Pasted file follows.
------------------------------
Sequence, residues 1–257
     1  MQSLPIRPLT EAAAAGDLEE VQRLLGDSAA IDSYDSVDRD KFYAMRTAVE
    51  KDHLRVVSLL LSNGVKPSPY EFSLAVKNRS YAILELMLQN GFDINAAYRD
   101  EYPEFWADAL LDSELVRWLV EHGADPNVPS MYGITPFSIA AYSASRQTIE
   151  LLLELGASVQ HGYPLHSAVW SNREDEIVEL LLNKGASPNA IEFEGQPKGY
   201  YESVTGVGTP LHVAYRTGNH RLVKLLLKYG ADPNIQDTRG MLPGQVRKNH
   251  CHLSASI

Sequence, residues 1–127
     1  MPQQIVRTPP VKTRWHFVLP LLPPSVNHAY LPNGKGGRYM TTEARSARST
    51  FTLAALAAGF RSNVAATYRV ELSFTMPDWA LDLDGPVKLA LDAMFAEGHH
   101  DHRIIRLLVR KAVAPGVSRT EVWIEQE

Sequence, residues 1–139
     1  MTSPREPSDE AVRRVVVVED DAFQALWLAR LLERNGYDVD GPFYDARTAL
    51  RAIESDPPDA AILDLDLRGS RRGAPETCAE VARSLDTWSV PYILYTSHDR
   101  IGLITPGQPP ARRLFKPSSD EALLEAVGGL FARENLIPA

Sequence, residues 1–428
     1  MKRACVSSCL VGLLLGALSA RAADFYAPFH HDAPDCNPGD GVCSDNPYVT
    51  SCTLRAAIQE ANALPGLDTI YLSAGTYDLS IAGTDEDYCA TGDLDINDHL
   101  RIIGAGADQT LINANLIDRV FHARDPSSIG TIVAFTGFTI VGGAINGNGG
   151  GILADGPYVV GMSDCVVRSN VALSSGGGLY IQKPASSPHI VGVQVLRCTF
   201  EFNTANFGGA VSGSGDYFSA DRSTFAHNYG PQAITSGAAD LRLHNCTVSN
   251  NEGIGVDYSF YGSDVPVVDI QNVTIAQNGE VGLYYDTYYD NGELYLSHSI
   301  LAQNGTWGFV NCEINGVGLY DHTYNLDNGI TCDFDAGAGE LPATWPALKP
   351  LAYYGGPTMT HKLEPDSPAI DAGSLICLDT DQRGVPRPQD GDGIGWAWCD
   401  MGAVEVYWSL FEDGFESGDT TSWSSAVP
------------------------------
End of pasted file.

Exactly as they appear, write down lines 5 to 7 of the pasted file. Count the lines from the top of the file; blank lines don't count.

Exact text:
   151  LLLELGASVQ HGYPLHSAVW SNREDEIVEL LLNKGASPNA IEFEGQPKGY
   201  YESVTGVGTP LHVAYRTGNH RLVKLLLKYG ADPNIQDTRG MLPGQVRKNH
   251  CHLSASI